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State police to begin wearing body cameras Jan. 1

27th December 2016   ·   0 Comments

The Louisiana State Police announced last week that it will equip about 700 troopers with body cameras, adding that it will represent the largest deployment of its kind for a state law enforcement agency.

The news comes on the heels of a number of recent complaints about racial profiling and excessive force against state troopers deployed to New Orleans to lend assistance to the severely undermanned NOPD.

One of the complaints was filed by the families of two Black teenagers who were wrestled to the ground and detained by state troopers as they waited in the French Quarter after a Carnival parade for one of the teens’ mother, an NOPD officer, to bring them a meal.

Another incident involves a Black man who was approached by state troopers who were looking for someone in a car waving a gun out of the window as he was sitting in his car outside his barber shop. He was reportedly detained, shoved and questioned by the troopers and sustained injuries that required medical treatment.

New Orleans musician Shamarr Allen said he was stopped, roughed up and questioned last year by state troopers as he drove home to the Lower Ninth Ward after a late-night gig.

Finally, the family of a Black college student who was visiting New Orleans with several of his classmates was stopped by state police as he spoke to his father on a cellphone in the French Quarter.

State Police Col. Mike Edmonson said Wednesday that the agency will purchase more than 1,500 body cameras through a five-year, $5.3 million contract with TASER International Inc.

The Associated Press reported that state troopers patrolling in New Orleans will be the first to get the cameras, in January. The State Police expects the cameras to be deployed statewide by next summer.

Edmonson said that each trooper will be equipped with two cameras, which automatically turn on if a trooper activates a stun gun.

The Louisiana State Police experimented with the cameras earlier this year by equipping 22 troopers with them.

In other law enforcement-related news, FOX 8 reported that NOPD officers are warming up to the idea of using body cameras as they patrol the streets of New Orleans.

FOX 8 News reported that when the NOPD launched its body warn camera program in 2014, the department said it wanted to make sure officers were using them when they were supposed to.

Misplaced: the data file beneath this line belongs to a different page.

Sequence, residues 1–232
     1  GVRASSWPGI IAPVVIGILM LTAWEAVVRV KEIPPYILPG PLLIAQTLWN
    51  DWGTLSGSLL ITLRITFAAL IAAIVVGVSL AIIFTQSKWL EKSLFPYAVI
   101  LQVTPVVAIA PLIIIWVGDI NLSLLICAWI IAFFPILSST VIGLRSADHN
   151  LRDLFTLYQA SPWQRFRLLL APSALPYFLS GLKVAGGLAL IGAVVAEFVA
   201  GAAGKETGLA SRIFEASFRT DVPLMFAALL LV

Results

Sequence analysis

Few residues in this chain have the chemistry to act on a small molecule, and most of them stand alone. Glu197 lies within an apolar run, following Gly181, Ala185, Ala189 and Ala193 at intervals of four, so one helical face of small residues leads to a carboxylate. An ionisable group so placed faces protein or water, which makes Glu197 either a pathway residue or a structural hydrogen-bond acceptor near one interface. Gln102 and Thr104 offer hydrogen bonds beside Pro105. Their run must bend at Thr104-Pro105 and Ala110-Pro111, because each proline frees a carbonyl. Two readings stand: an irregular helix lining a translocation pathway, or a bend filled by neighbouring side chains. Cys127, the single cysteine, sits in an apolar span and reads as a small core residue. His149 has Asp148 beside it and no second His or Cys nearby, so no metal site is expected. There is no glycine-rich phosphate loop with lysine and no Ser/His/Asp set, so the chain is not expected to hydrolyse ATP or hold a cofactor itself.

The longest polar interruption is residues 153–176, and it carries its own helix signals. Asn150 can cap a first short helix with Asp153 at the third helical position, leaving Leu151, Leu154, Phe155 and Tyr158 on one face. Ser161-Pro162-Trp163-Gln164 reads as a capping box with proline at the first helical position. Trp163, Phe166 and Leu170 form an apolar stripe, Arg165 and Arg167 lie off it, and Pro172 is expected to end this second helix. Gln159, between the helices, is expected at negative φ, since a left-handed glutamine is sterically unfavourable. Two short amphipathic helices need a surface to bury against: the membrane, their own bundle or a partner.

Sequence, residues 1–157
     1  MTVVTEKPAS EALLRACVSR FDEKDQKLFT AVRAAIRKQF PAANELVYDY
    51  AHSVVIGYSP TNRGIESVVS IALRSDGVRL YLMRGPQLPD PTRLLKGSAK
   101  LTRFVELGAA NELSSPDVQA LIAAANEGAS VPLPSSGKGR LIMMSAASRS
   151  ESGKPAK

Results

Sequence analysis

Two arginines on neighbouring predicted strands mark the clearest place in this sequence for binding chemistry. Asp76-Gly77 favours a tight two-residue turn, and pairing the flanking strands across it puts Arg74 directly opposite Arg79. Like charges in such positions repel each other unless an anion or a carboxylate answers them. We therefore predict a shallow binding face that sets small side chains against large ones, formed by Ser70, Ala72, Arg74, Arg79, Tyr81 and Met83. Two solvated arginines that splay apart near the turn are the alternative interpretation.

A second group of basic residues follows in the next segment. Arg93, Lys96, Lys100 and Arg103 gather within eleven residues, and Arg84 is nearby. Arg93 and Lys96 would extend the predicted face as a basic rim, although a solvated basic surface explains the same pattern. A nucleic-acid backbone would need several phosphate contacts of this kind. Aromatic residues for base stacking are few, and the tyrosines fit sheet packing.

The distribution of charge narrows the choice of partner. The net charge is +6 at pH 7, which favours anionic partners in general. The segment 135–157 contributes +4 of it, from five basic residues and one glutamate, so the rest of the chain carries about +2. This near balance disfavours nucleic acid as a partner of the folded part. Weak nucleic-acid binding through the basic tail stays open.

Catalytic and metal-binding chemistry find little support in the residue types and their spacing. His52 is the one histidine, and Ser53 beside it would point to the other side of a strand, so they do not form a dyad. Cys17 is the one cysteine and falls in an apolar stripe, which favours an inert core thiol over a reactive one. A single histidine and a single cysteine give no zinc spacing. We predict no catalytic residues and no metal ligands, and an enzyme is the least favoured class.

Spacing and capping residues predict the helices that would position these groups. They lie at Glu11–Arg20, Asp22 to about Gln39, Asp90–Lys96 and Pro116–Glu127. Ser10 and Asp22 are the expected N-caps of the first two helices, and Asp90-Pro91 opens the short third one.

“So, we have a policy that states we have to turn them on for all required calls for service and other citizen-involved contacts during investigations,” Danny Murphy, NOPD Deputy Chief of the Compliance Bureau, told FOX 8.

Last summer, Murphy began doing monthly internal audits, breaking the data down by districts and platoons.

“Some districts are doing better than others, and sometimes, they would fluctuate over time. When we’d see an issue, we’d address why aren’t we turning on the cameras here,” Murphy said.
Murphy said the audit immediately began holding officers accountable. He says, in the beginning, he found that officers were using their cameras 80 percent of the time.

“We started in the 80s, but by doing these monthly checks, we quickly got up to 97 percent and have been over 97 percent for the past year, “ Murphy said.

The body-worn cameras were not mandated by the consent decree, the NOPD made choice to get them, and Chief Michael Harrison said it’s paid off.

“We’ve obviously seen that it has changed officer behavior. It’s changed citizen behavior. It’s also built a trust with the community,” says Chief Harrison.

Community United for Change, a grassroots organization, initially recommended before the goals and particulars of the 492-point federal consent decree were finalized that the NOPD utilize both audio and video-recording devices as we’ll as the formation of a civilian oversight committee.

Although those plans were initially brushed aside, the NOPD has since embraced the idea of both body-worn cameras and a civilian oversight committee.

Former NOPD Supt. Ronald Serpas stepped down in 2014 after the NOPD waited several days to report that a female officer turned off her body camera shortly before she shot a male suspect in the head during an altercation.

NOPD officials say the camera footage is a vital part of the process. Footage was used to exonerate officers during a fatal police shooting in Central City.

“I’m happy it’s exonerated our officers and proved they are not at fault, but it’s an educational tool to help us determine how to better deliver police services,” Harrison told FOX 8.

The NOPD says the footage is often used by the District Attorney’s office, and it’s also a way for the NOPD to be more transparent.

This article originally published in the December 26, 2016 print edition of The Louisiana Weekly newspaper.

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